Note: See our review of the “Black or White” video here.
’90s No. 1s Revisited: “Black Or White”
The fifty-third No. 1 song of the 1990s was “Black Or White” by Michael Jackson. The release of this song, the first single off Jackson’s highly anticipated album Dangerous, was the biggest musical event of the year. The premiere of the $4m video, directed by John Landis and featuring Macaulay Culkin, was national news. The song spent seven weeks at No. 1, putting it in a two-way tie with “Billie Jean” (1983) as Jackson’s longest-running No. 1 single ever. Dangerous spawned six more Top 40 hits after “Black Or White,” spanning a wide range of genres and themes. It’s a classic CD.
Prior to “Black Or White,” Jackson was already the most famous pop singer in the world. As lead singer of The Jackson 5, he had four No. 1 hits, which were the band’s first four singles, released in 1969-70. The Jackson 5 went on to chart 13 more times, sending three more tracks to a No. 2 peak. Outside The Jackson 5, Jackson had reached No. 1 12 times before “Black Or White” (including on “We Are The World,” credited to USA For Africa but co-written by Jackson and widely associated with him). Following “Black Or White,” he would have one more chart-topper, 1995’s “You Are Not Alone.” He most recently appeared on the Hot 100 posthumously in 2014 with “Love Never Felt So Good,” featuring Justin Timberlake. It peaked at No. 9 in the U.S., but went to No. 1 in a few other countries.
Let’s listen to “Black Or White”:
Jackson’s artistic legacy focuses largely on his singing, dancing and fashion, and that’s understandable because he’s one of the best singers in recorded music history, certainly the most groundbreaking dancer, and a fashion icon beyond comparison. But he’s under-appreciated as a songwriter and producer, and tracks like “Black Or White” are stunning examples of his talent in these areas. This song is about as perfectly written as a pop song can be, and the recording sounds a full generation past Thriller, just nine years prior.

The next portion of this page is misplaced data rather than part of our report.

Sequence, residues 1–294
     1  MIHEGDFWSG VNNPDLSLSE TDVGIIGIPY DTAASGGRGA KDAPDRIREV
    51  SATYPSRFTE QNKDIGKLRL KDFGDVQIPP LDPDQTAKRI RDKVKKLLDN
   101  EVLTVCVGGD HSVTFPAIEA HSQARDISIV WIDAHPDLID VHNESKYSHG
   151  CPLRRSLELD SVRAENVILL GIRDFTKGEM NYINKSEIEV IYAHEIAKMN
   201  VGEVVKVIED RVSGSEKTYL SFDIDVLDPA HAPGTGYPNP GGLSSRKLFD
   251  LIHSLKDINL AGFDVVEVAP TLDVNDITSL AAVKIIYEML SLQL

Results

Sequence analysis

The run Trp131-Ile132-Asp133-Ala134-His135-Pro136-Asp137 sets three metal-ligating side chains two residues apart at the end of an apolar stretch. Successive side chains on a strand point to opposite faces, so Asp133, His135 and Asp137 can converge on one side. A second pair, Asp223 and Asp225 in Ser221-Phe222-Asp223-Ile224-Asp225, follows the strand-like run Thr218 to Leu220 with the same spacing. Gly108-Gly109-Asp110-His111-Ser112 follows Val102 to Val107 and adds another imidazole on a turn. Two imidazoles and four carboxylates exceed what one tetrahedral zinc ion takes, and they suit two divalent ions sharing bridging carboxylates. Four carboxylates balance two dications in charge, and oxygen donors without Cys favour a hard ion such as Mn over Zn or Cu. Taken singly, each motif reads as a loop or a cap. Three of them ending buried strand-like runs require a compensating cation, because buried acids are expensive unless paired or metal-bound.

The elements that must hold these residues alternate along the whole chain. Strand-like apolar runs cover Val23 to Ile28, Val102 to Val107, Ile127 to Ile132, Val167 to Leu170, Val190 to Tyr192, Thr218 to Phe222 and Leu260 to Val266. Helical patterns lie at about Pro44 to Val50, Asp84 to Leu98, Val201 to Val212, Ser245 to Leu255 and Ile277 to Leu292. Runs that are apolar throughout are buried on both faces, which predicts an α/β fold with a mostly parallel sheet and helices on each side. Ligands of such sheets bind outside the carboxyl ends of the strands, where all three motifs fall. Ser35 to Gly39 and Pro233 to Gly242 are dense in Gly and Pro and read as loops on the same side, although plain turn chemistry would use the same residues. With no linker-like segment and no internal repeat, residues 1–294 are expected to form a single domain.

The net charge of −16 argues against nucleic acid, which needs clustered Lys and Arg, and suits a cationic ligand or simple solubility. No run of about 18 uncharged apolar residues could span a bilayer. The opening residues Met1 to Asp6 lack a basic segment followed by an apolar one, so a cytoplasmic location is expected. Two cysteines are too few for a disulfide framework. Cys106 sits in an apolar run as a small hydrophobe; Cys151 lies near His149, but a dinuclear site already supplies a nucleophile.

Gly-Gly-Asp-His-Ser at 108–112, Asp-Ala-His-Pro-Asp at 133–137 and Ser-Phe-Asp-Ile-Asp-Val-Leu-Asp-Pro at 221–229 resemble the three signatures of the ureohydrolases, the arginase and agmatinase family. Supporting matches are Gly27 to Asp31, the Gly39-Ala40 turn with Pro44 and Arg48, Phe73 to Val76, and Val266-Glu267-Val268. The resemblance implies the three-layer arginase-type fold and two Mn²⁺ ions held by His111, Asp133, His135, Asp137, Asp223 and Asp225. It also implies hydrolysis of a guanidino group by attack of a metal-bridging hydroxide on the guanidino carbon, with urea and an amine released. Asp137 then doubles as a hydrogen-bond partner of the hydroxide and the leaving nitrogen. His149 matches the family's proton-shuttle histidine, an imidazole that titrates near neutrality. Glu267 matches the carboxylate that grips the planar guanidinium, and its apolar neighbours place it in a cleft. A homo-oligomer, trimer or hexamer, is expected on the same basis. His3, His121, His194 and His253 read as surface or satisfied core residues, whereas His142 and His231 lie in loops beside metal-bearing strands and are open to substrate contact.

Was it dope? Good God, yes. This song went to No. 1 in the United States, Australia, Belgium, Canada, Cuba, Denmark, Finland, France, Ireland, Israel, Italy, Mexico, New Zealand, Norway, Spain, Sweden, Switzerland, Turkey, the U.K. and Zimbabwe. In the U.S. alone it topped the Hot 100 and the Dance chart, peaked at No. 3 on the R&B/Hip-Hop chart and even appeared on the Adult Contemporary Chart. It doesn’t get much bigger, better or doper than “Black Or White.”
Does it hold up? As of this writing, the video has 115 million views. So, yes, it’s a critical part of Jackson’s catalog and legacy, and the most noteworthy contribution to it from the 1990s. And as a recording, the music holds up very well — is a classic, clean pop song.
Dopeness: 5 out of 5 Birkenstocks
’90s No. 1s Revisited is a regular feature on “Was It Dope?” where we walk through every No. 1 song of the 1990s on the Billboard Hot 100 chart in order, give it another listen, and answer two critical questions: Was it dope? And does it hold up?